Cape Town - Arsenal failed to qualify for the Champions League for the first time in 20 years as Liverpool and Manchester City clinched top-four places.
John Terry said an emotional farewell to Stamford Bridge as Chelsea raised the trophy and Harry Kane wrapped up the golden boot with a hat-trick.
Here are five things we learned in the Premier League on the final day of the season:
Arsenal failure comes at cost
Missing out on Champions League qualification for the first time in 20 years would have been a bitter enough pill for Arsenal to swallow. But Sunday's 3-1 victory over Everton came with extra bad news in the form of a red card for Laurent Koscielny and a serious-looking knee injury sustained by Gabriel. Koscielny, sent off for a reckless early foul on Enner Valencia, is now certain to miss next Saturday's FA Cup final against Chelsea due to suspension and manager Arsene Wenger said Gabriel's chances of lining up at Wembley were slim. Wenger will therefore be without two senior centre-backs for a game that represents his last chance of salvaging something from a deeply trying season, although Shkodran Mustafi is expected to overcome the illness that kept him out of the Everton game.
Reds raise the roof
As Jurgen Klopp began to twirl his arms on the touchline in a frenzied bid to pump up the tense Anfield crowd, a swell of noise rose from the stands and within minutes Liverpool were back on course for the Champions League. Needing a victory over relegated Middlesbrough to secure a top four-finish, Liverpool were struggling to impose themselves and the anxiety levels only mounted when fifth-placed Arsenal stormed into a two-goal lead down in London. But Klopp's call to arms was heeded in spectacular fashion and Liverpool took the lead through Georginio Wijnaldum on the stroke of halftime. Second-half strikes from Philippe Coutinho and Adam Lallana ensured Liverpool will take on Europe's elite for the first time since 2014-15 and only the second time in the last eight years.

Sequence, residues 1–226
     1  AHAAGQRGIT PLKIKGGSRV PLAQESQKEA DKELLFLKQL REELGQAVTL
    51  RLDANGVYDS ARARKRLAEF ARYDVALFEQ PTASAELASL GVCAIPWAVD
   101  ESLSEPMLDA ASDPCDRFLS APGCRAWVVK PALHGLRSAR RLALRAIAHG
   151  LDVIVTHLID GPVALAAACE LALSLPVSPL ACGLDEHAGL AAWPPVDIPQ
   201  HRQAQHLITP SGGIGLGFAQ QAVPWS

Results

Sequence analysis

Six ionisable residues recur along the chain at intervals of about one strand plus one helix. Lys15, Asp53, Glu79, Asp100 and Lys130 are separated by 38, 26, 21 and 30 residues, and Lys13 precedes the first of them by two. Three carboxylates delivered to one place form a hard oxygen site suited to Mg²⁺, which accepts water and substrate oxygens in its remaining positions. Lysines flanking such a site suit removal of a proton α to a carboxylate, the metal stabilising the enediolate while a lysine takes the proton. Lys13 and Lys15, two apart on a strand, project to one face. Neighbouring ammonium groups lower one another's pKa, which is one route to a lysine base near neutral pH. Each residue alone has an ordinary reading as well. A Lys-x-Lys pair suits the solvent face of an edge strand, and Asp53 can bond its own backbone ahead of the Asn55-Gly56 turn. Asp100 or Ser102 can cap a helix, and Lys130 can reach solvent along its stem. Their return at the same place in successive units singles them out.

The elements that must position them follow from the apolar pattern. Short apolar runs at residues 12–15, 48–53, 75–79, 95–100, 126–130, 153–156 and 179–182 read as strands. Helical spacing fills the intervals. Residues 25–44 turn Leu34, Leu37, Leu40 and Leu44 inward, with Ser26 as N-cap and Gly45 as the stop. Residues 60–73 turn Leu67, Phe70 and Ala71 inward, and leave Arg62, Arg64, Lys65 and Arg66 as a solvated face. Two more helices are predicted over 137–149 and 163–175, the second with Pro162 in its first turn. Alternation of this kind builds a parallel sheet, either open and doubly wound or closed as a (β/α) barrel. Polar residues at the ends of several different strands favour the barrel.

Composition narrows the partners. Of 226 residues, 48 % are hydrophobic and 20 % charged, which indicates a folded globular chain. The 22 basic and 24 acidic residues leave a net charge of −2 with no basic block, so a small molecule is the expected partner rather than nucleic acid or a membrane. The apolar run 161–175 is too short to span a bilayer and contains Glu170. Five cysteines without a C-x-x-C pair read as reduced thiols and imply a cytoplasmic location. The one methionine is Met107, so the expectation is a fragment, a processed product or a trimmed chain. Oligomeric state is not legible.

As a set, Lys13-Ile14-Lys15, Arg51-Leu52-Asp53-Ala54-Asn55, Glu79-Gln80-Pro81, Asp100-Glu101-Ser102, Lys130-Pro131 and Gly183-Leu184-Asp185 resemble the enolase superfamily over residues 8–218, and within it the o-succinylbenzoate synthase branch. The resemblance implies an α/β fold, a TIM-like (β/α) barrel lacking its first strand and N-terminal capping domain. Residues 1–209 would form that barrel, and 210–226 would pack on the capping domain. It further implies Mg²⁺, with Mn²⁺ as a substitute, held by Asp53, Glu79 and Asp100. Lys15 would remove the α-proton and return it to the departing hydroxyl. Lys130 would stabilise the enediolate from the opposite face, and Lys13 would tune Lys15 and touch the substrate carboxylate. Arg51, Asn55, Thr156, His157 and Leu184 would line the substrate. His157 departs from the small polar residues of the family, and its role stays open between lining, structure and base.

Terry's tears for souvenirs
After 19 years and 15 major trophies, John Terry was about to leave the Stamford Bridge stage for the last time and the emotion of the moment was too much for even the grizzled Chelsea defender. Having already announced he will leave Chelsea at the end of the season after being reduced to a bit-part role by Blues boss Antonio Conte, Terry was granted a fitting farewell as he started and captained his team one last time in the champions' 5-1 demolition of Sunderland. Terry, who is likely to be back on the bench for next weekend's FA Cup final against Arsenal, was substituted in the 26th minute – the time matching his shirt number - and had to wipe away tears as Chelsea's players formed a guard of honour while the crowd gave him a standing ovation. Terry returned to the pitch to lift the Premier League trophy at fulltime as a banner reading "captain, leader, legend" was hung from the rafters.
If Walter Mazzarri hoped his players would give him a rousing send-off then he was to be disabused dramatically of such a notion. A dynamic attacking unit like City, who wrapped up third place with ease, need no second invitation to feed off a side that has given up the ghost and Watford were probably fortunate to escape with 5-0. City manager Pep Guardiola will be licking his lips though at the thought of tyro Gabriel Jesus having a full season next term and forming a formidable partnership with Sergio Aguero, which he will need if he is to not disappoint again.
Kids alright for Mourinho
When Jose Mourinho arrived at Manchester United before the start of this season, there were concerns that the Portuguese manager would not uphold the club's tradition for attacking football. But there was a nod to United's history when he sent out a youthful side that defeated Crystal Palace 2-0. The 31-year-old Wayne Rooney was the only player older than 25 in a line-up that averaged 22 years and 284 days. Admittedly, Mourinho's hand was forced by the need to avoid his senior players getting injured ahead of Wednesday's Europa League final against Ajax in Stockholm, but ever since the 'Busby Babes' team of the 1950s United have had a reputation for giving young players a chance and fans at Old Trafford on Sunday will hope they have seen one or two stars of the future.